Image source: Getty Images.

Stocks jumped out of the gate to start 2017, with the Dow Jones Industrial Average (^DJI 0.41%) and the S&P 500 (^GSPC -0.08%) indexes each finishing higher by more than 0.5%.

Today's stock market


Percentage Change

Point Change




S&P 500



Data source: Yahoo! Finance.

Gold volatility benefited bullish investors on Tuesday, particularly those that used leveraged funds like the Direxion Daily Junior Gold Miners Bull 3X ETF (JNUG -5.93%) and the Direxion Daily Gold Miners Bull 3X ETF (NUGT -5.66%). The two ETFs, which amplify moves in a collection of gold miner stocks, jumped 19% and 12%, respectively.

As for individual stocks, Xerox (XRX) and Depomed (ASRT -4.61%) stood out with large jumps even as the market ticked higher.

Xerox splits up

Xerox shares jumped 15% on the company's first trading day following a spinoff that executives hope will put it on a path to stronger growth. Xerox is now focused completely on its document technology and document outsourcing segments, with the business process services divisions operating as a separate public company called Conduent.

Image source: Xerox.

Management has been working on this split for over a year, and this week they highlighted some of the key benefits they see behind the move. "The successful completion of the separation sharpens our market focus and commitment to our customers," CEO Jeff Jacobson said in a press release. As for the business, the spinoff should help by boosting free cash flow generation and profitability, executives said.

But the most immediate benefit is the $1.8 billion of cash that the deal delivers to Xerox in the form of a transfer from Conduent, which will allow it to quickly pay down $2 billion of debt. Looking further out, investors will be watching the next few quarterly releases for evidence that profitability is indeed improving, and that any increased cash flow is being put to good use investing into growth areas like document outsourcing.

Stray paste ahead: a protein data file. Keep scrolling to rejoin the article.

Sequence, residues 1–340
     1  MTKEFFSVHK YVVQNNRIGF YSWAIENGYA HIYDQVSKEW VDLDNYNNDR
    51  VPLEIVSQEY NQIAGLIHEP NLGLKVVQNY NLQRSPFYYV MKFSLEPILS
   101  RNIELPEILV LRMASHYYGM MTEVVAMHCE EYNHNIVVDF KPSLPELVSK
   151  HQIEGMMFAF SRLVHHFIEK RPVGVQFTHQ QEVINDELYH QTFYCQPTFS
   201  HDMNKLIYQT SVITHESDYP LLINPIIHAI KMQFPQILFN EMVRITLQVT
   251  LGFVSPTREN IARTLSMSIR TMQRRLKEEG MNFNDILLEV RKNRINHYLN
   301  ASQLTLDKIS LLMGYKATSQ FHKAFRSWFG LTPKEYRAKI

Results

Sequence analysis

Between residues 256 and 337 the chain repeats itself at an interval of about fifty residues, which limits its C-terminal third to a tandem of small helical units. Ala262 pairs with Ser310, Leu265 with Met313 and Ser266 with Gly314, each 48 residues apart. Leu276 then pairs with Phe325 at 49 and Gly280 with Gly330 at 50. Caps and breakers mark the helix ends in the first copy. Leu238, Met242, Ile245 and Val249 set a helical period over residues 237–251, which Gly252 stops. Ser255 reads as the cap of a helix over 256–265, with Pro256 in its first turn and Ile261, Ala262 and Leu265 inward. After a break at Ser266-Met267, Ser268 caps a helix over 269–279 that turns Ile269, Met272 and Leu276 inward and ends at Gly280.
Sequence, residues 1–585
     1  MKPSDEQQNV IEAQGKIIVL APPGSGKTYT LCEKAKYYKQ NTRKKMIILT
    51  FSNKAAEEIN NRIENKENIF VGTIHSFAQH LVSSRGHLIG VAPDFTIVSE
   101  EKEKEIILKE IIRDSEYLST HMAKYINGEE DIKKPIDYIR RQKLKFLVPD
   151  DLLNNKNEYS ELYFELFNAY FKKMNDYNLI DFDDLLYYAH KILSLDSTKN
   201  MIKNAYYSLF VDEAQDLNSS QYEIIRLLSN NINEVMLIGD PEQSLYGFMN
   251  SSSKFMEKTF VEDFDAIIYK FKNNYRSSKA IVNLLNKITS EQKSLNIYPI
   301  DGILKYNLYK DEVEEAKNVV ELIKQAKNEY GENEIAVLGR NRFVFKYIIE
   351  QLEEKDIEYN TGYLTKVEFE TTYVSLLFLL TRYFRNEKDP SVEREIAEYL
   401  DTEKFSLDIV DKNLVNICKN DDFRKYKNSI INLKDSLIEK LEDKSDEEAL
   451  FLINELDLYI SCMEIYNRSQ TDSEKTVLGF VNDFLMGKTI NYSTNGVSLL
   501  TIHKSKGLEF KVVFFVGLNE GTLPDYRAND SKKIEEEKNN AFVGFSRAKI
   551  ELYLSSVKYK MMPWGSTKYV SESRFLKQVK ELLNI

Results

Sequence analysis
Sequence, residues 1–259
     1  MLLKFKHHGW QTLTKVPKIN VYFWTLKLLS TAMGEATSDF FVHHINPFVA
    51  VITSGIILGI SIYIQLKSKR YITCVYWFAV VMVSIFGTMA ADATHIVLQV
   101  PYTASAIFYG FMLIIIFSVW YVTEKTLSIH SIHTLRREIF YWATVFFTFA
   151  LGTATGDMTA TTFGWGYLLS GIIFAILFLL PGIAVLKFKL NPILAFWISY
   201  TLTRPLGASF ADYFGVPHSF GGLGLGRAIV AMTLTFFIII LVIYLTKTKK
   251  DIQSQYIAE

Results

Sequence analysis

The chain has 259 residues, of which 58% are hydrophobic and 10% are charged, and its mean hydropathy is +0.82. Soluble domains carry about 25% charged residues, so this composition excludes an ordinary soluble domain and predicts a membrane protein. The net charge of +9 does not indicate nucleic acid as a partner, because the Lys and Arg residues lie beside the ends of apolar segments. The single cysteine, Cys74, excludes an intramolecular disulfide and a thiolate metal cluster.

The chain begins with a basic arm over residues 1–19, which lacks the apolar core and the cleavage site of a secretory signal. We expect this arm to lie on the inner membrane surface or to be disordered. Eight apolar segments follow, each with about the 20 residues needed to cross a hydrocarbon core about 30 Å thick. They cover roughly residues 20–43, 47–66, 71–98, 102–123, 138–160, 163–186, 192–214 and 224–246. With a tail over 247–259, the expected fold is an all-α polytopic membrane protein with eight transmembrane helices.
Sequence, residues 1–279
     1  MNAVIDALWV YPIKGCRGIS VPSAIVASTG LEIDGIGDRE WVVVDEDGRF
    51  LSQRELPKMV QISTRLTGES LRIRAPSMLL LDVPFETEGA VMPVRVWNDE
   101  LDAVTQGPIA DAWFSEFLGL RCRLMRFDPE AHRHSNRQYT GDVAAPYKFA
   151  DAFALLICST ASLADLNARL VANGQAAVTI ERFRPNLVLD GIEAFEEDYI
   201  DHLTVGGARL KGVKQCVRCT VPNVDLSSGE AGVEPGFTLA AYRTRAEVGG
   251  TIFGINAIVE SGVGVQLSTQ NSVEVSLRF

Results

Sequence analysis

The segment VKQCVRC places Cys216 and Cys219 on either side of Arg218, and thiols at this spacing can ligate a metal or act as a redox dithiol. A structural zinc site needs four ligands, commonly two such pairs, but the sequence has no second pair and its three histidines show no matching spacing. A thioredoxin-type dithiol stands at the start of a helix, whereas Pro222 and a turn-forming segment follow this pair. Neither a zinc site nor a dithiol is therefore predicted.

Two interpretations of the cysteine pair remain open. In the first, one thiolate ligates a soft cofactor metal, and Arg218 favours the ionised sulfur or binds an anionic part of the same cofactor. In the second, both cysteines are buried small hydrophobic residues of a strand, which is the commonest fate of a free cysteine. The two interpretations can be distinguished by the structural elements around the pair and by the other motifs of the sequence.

Depomed sale rumors swirl

Opioid manufacturer Depomed jumped 13% following news that it could be nearing a deal to sell itself. A New York Post story over the weekend cited insider sources saying that the sale process is in advanced stages, with final bids likely to arrive in the next few days. The Post named investment firm KKR as a potential suitor that could pay as much as $25 per share for the drug company, equating to a market capitalization of around $1.5 billion.

Image source: Getty Images.

While that would represent a solid premium even from Tuesday's closing price, investors should be cautious about buying into Depomed now. The company last posted surprisingly weak quarterly results as a 5% uptick in revenue wasn't enough to keep it in the black.

Due to poor demand trends around its core Nucynta opioid medication, CEO Jim Schoeneck and his executive team slashed their full-year sales guidance to $460 million from $493 million. Depomed also forecast its second straight year of losses, with net outflow improving only slightly to $46 million from $76 million in 2015. Non-GAAP earnings are predicted to nearly double to $82 million.

Looking ahead, management plans to continue supporting the relaunch of its Nucynta franchise while building prescription demand for other brands including Gralise and Cambia. Investors should focus their attention on that strategy over rumors about potential acquisitions, since it's anyone's guess whether Depomed and another party will agree on a buyout, or what the final price tag might be.